Member # 1
posted 09. May 2002 09:44
Proc. Natl. Acad. Sci. USA, Vol. 99, Issue 9, 6080-6084, April 30, 2002
A single domestication for maize shown by multilocus microsatellite genotyping
Yoshihiro Matsuoka, Yves Vigouroux, Major M. Goodman, Jesus Sanchez G., Edward Buckler, and John Doebley
There exists extraordinary morphological and genetic diversity among the maize landraces that have been developed by pre-Columbian cultivators. To explain this high level of diversity in maize, several authors have proposed that maize landraces were the products of multiple independent domestications from their wild relative (teosinte). We present phylogenetic analyses based on 264 individual plants, each genotyped at 99 microsatellites, that challenge the multiple-origins hypothesis. Instead, our results indicate that all maize arose from a single domestication in southern Mexico about 9,000 years ago. Our analyses also indicate that the oldest surviving maize types are those of the Mexican highlands with maize spreading from this region over the Americas along two major paths. Our phylogenetic work is consistent with a model based on the archaeological record suggesting that maize diversified in the highlands of Mexico before spreading to the lowlands. We also found only modest evidence for postdomestication gene flow from teosinte into maize.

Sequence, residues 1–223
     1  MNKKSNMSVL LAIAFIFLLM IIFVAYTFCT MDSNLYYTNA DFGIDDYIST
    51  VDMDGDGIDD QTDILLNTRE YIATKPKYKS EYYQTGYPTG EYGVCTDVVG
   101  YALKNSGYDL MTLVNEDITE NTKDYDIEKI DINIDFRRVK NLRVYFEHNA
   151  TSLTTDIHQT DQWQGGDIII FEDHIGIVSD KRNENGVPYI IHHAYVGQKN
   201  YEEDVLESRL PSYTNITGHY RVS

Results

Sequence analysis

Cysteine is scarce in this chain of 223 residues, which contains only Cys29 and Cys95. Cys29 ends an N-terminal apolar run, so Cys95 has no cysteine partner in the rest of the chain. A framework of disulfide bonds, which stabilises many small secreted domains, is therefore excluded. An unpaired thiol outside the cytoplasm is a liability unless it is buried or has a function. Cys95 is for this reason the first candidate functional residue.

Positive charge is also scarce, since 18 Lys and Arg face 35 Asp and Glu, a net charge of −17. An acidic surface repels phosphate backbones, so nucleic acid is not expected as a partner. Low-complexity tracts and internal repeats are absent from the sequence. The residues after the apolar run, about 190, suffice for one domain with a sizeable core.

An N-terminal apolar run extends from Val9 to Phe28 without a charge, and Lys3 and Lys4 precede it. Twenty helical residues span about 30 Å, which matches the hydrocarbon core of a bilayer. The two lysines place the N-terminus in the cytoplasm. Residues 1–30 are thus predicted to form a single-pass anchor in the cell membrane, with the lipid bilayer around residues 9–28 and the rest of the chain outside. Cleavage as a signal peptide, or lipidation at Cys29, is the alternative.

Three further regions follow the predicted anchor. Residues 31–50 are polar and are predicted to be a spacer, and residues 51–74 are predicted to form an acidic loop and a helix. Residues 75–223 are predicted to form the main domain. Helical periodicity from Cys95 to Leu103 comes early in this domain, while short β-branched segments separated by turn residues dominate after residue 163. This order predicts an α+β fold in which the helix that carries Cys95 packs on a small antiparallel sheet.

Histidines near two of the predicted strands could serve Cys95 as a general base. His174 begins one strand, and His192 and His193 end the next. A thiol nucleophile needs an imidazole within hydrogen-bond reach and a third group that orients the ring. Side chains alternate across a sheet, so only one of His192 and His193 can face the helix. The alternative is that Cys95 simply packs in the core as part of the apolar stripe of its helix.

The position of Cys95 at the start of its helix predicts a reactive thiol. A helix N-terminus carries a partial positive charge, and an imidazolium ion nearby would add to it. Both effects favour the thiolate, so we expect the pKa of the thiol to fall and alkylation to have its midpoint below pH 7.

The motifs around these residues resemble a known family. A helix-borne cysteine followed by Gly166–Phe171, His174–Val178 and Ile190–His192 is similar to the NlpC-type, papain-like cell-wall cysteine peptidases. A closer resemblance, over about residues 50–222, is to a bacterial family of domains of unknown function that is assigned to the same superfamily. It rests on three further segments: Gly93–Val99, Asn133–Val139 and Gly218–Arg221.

[ 09 May 2002, 10:00: Message edited by: Moderator ]